Series: #1 Brief Chronicles
Genres: Historical Romance
Published by Small Publisher
Released on May 19, 2015
Saw the blurb and was compelled to pick this up with little investigation on my part. I saw the romance of a yeoman farmer and a daughter of a gentleman during the mid-Georgian period in Lanchashire and had a feeling about it. And it wasn’t long before I realized that I’d probably picked something up that would rival Poldark in its sweeping settings, atmosphere, deftly drawn characters, and the beginning of a family saga set in interesting times of a market town emerging as a manufacturing center on the cusp of the industrial revolution. In the end, it was all that and delightfully it was only the beginning to the saga. I definitely want more of the Howarths of Kit’s Hill.
The story opens with yeoman farmer, Ned Howarth, proud owner of Kit’s Hill farm tucked in the rugged land within sight of the Pennines, setting out to do something amazing in the eyes of his people. He is a freeman, of a very little education, and situated well financially. Instead of courting a woman from his class, he sends his letter to the refined, well-educated, and genteel Miss Dorcas Wylde. Ned sets in motion something that will engulf his whole life and bring change to a place and people who have remained much the same for long time past.
Dorcas lost both her parents and her home in the south of England and now lives as poor companion to her aunt, a long time spinster. Miss Wylde is adamant that Dorcas refuse the upstart farmer who dared lift his eyes to a well-bred lady while he stunk of the muck of the farm. Dorcas hesitates. Ned’s honesty, his sincerity, and his feelings for her move her in a way that factor against his circumstances. And truly, what can she really look forward to with no real income and life with a crotchety spinster aunt. Dorcas wants to be doing. So against her better judgment, her aunt, and her friends at the vicarage, she finally agrees to Ned Howarth’s proposal.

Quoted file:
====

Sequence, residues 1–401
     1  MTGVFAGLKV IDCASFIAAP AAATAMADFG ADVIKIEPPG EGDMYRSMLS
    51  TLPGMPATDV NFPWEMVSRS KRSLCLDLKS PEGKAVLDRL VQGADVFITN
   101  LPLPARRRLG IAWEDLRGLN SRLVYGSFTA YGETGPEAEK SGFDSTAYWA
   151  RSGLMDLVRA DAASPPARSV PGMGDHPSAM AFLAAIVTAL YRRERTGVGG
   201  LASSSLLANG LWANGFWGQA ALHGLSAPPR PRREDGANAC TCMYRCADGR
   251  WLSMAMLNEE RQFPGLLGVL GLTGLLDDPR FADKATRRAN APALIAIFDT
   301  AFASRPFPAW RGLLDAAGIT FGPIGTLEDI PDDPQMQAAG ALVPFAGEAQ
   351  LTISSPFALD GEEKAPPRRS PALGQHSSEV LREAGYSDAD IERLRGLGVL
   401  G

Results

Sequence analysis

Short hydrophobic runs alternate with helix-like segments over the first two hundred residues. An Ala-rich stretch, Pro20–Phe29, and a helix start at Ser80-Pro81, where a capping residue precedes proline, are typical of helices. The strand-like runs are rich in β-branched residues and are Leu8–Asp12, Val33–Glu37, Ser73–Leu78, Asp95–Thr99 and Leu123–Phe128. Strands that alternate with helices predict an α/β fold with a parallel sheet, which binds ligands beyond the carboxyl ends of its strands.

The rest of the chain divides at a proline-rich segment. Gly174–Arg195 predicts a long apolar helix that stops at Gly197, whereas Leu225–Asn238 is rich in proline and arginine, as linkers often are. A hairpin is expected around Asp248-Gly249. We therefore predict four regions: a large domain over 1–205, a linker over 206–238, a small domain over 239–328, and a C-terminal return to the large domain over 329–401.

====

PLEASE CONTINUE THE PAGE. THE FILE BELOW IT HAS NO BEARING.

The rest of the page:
Ned knows that he cares for Dorcas more than she, him, but he can be patient. Meanwhile, he’ll let her set up as mistress of Kit’s Hill. He is determined that his wife will retain her refinements. But even Ned doesn’t realize how hard it really is for Dorcas to be shunned by all her friends, be looked on with suspicion and animosity by his acquaintance, and struggle with finding her place in his world. However, Dorcas has a spine made of steel and the people of the village and Kit’s Hill soon learn the nature of the woman who has joined them in their hardy world. Dorcas stands beside Ned as his partner and together make a life even as the world is on the move around them.
Over many years, life brings hope, love, heartbreak, sorrow, and growth for the people of Kit’s Hill and beyond.
Alright, so I got a bit of a surprise once I started reading this story. I thought I was getting a good class-difference romance in an uncommon setting. I blame myself for not paying close attention because once I looked more closely at the details I saw that it was clear and it was me who missed it. Yes, I got my romance though it wasn’t the forefront, but it was only part of a larger picture. Dorcas and Ned are the foundation of the story, but it encompasses the history of the place and people as well as a saga that expands into the next generations. The Howarth story takes place over many years. There is lots of description, history, side stories, and a broad cast of characters that are all woven together into one story.
I truly enjoyed this one and I think the comparison to Poldark worthy. The style of writing feels authentic and has the flavor of the classical writers. It can be ponderous and I felt the length of it at times. I’m convinced the page count isn’t accurate on the listing, but I don’t know for sure because my e-reader version only tracked by location. Not that I wasn’t engaged or was bored, but I a few times I thought it was drawing to an end. Of course, when it didn’t and other events came, I realized that the author was right. There were still things that needed to be said. The crisis point for Ned and Dorcas was so well-written. It was beautiful in its fury and feeling. I liked all the historical details and the life of those times. The author made the people come to life for me. There was no glossing over or romanticism. Life was hard and raw back then and thus so were the stories of these folk.
All in all, I was fascinated and loved this historical saga that built from the romance of an unlikely pair. I will definitely be picking up the next book to continue on with the Howarth story. I would recommend this for historical fiction and lovers of sweeter long- building historical romance.
I received this book to read in exchange for an honest review.